Forms of Corrosion - Aircraft Corrosion Control

There are many forms of corrosion. The form of corrosion depends on the metal involved, its size and shape, its specific function, atmospheric conditions, and the corrosion producing agents present. Those described in this post are the more common forms found on airframe structures.

Surface Corrosion

General surface corrosion (also referred to as uniform etch or uniform attack corrosion) is the most common form of corrosion. Surface corrosion appears as a general roughening, etching, or pitting of the surface of a metal, frequently accompanied by a powdery deposit of corrosion products. Surface corrosion may be caused by either direct chemical or electrochemical attack. Sometimes corrosion spreads under the surface coating and cannot be recognized by either the roughening of the surface or the powdery deposit. Instead, closer inspection reveals the paint or plating is lifted off the surface in small blisters that result from the pressure of the underlying accumulation of corrosion products. [Figure 1]

Aircraft Corrosion Control
Figure 1. Surface corrosion

Filiform Corrosion

Filiform corrosion is a special form of oxygen concentration cell that occurs on metal surfaces having an organic coating system. It is recognized by its characteristic worm-like trace of corrosion products beneath the paint film. [Figure 2] Polyurethane finishes are especially susceptible to filiform corrosion. Filiform occurs when the relative humidity of the air is between 78–90 percent, and the surface is slightly acidic. This corrosion usually attacks steel and aluminum surfaces. The traces never cross on steel, but they cross under one another on aluminum, making the damage deeper and more severe for aluminum. If the corrosion is not removed, the area treated, and a protective finish applied, the corrosion can lead to intergranular corrosion, especially around fasteners and at seams.

Aircraft Corrosion Control
Figure 2. Filiform corrosion

Filiform corrosion can be removed using glass bead blasting material with portable abrasive blasting equipment or sanding. Filiform corrosion can be prevented by storing aircraft in an environment with a relative humidity below 70 percent, using coating systems having a low rate of diffusion for oxygen and water vapors, and by washing the aircraft to remove acidic contaminants from the surface, such as those created by pollutants in the air.

Pitting Corrosion

Pitting corrosion is one of the most destructive and intense forms of corrosion. It can occur in any metal but is most common on metals that form protective oxide films, such as aluminum and magnesium alloys. It is first noticeable as a white or gray powdery deposit, similar to dust, which blotches the surface. When the deposit is cleaned away, tiny holes or pits can be seen in the surface. These small surface openings may penetrate deeply into structural members and cause damage completely out of proportion to its surface appearance. [Figure 3]

Aircraft Corrosion Control
Figure 3. Types of pitting corrosion

Dissimilar Metal Corrosion

Extensive pitting damage may result from contact between dissimilar metal parts in the presence of a conductor. While surface corrosion may or may not be taking place, a galvanic action, not unlike electroplating, occurs at the points or areas of contact where the insulation between the surfaces has broken down or been omitted. This electrochemical attack can be very serious because, in many instances, the action is taking place out of sight, and the only way to detect it prior to structural failure is by disassembly and inspection. [Figure 4]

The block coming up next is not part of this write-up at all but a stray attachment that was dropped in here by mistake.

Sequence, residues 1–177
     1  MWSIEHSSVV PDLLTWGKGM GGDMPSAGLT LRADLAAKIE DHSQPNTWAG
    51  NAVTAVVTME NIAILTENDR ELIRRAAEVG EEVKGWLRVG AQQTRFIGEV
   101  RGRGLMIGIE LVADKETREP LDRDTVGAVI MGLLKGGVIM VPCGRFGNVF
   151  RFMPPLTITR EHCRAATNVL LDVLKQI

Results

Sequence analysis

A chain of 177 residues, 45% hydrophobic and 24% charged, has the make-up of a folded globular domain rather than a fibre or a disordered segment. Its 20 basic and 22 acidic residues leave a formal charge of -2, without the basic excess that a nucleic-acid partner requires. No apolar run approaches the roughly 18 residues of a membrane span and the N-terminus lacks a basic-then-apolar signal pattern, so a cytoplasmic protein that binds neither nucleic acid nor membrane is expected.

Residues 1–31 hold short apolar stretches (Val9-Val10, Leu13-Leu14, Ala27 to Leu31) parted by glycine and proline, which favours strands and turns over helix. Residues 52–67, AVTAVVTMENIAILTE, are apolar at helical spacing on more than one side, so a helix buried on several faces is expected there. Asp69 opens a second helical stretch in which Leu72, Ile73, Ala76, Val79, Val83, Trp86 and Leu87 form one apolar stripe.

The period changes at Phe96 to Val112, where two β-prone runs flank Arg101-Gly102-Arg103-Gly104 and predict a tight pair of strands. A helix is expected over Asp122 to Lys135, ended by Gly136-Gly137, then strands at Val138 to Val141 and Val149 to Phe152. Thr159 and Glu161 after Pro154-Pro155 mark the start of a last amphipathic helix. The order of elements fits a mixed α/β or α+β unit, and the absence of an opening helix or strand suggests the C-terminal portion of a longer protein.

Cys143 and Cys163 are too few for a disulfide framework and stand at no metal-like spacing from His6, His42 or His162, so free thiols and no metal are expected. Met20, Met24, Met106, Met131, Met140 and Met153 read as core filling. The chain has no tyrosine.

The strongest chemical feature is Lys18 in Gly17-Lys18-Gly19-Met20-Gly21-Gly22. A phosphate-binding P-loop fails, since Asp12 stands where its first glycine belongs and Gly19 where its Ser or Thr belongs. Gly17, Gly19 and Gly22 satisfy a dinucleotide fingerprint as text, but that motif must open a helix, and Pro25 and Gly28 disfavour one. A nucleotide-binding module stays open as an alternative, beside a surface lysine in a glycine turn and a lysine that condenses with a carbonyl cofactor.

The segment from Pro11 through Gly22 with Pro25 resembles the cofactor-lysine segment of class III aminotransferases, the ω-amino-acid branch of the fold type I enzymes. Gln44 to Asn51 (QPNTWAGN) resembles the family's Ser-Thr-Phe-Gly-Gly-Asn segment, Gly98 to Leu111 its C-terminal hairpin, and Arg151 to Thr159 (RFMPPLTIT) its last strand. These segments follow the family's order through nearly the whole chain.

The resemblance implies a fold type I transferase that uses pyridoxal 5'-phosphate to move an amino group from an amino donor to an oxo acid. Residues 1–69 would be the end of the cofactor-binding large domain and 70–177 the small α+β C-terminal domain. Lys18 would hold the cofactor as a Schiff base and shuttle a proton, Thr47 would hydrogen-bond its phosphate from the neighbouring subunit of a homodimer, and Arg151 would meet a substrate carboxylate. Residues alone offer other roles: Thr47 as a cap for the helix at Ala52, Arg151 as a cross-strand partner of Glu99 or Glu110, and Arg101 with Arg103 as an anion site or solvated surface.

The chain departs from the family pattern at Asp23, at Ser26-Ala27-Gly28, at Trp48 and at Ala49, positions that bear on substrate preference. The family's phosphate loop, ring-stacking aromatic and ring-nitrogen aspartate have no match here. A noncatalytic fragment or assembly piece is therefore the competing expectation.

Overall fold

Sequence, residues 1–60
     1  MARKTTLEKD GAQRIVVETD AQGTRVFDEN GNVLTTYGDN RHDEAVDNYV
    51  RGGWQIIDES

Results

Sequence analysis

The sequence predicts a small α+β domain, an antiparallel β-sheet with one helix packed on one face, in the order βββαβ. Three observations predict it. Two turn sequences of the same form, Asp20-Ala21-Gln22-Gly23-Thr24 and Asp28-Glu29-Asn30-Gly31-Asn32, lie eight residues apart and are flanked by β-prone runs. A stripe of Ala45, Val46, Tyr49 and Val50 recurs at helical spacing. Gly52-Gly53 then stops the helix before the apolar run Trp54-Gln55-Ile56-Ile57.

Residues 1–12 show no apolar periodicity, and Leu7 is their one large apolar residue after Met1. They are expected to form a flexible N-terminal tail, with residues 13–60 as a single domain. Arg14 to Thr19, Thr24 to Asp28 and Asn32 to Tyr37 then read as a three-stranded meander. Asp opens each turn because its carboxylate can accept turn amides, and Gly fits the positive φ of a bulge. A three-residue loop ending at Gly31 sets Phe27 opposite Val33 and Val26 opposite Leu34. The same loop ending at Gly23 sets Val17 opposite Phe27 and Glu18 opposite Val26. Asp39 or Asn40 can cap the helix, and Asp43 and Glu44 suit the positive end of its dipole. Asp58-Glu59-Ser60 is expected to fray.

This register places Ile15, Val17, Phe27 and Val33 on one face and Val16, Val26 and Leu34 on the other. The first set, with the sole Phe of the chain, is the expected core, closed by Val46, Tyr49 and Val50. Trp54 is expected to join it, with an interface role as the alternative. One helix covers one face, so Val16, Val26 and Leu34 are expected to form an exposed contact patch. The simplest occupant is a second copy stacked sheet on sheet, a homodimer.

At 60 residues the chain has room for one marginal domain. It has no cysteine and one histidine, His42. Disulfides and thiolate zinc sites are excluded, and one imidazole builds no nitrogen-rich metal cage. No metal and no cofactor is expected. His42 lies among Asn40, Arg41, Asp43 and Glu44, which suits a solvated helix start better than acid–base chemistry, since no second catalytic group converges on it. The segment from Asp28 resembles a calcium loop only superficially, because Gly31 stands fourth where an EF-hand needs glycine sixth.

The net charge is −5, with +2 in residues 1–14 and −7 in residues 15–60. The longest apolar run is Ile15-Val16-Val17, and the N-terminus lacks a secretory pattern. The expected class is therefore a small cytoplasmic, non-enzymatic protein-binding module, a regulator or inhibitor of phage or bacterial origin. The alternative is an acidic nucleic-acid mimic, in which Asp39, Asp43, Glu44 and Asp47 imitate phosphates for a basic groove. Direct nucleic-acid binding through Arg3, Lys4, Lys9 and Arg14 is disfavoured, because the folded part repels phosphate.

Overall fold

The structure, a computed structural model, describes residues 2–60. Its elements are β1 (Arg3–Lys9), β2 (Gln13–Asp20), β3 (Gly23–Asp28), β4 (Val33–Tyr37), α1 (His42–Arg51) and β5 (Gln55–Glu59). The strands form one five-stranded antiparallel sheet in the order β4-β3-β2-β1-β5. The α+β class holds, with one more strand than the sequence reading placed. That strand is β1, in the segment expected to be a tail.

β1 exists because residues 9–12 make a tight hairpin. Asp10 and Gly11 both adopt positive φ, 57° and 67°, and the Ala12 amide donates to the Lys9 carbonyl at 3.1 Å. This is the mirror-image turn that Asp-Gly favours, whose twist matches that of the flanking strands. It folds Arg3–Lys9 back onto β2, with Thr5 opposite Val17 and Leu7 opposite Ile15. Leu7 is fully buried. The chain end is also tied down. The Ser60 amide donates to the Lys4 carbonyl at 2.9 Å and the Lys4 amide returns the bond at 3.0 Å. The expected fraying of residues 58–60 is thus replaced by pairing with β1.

Aircraft Corrosion Control
Figure 4. Dissimilar metal corrosion

The contamination of a metal’s surface by mechanical means can also induce dissimilar metal corrosion. The improper use of steel cleaning products, such as steel wool or a steel wire brush on aluminum or magnesium, can force small pieces of steel into the metal being cleaned, causing corrosion and ruining the adjoining surface. Carefully monitor the use of nonwoven abrasive pads, so that pads used on one type of metal are not used again on a different metal surface.

Concentration Cell Corrosion

Concentration cell corrosion, (also known as crevice corrosion) is corrosion of metals in a metal-to-metal joint, corrosion at the edge of a joint even though the joined metals are identical, or corrosion of a spot on the metal surface covered by a foreign material. Metal ion concentration cells, oxygen concentration cells, and active-passive cells are three general types of concentration cell corrosion.

Metal Ion Concentration Cells

The solution may consist of water and ions of the metal that are in contact with water. A high concentration of metal ions normally exists under faying surfaces where the solution is stagnant and a low concentration of metal ions exist adjacent to the crevice, created by the faying surface. [Figure 5] An electrical potential exists between the two points: the area of the metal in contact with the low concentration of metal ions is anodic and corrodes; the area in contact with the high metal ion concentration is cathodic and does not show signs of corrosion.

Aircraft Corrosion Control
Figure 5. Metal ion concentration cell

Oxygen Concentration Cells

The solution in contact with the metal surface normally contains dissolved oxygen. An oxygen cell can develop at any point where the oxygen in the air is not allowed to diffuse into the solution, thereby creating a difference in oxygen concentration between two points. Typical locations of oxygen concentration cells are under gaskets, wood, rubber, and other materials in contact with the metal surface. Corrosion occurs at the area of low oxygen concentration (anode). Alloys such as stainless steel are particularly susceptible to this type of crevice corrosion. [Figure 6]

Aircraft Corrosion Control
Figure 6. Oxygen concentration cell

Active-Passive Cells

Metals that depend on a tightly adhering passive film, usually an oxide for corrosion protection, are prone to rapid corrosive attack by active-passive cells. The corrosive action usually starts as an oxygen concentration cell. The passive film is broken beneath the dirt particle exposing the active metal to corrosive attack. An electrical potential will develop between the large area of the passive film and the small area of the active metal, resulting in rapid pitting. [Figure 7]

Aircraft Corrosion Control
Figure 7. Active-passive cell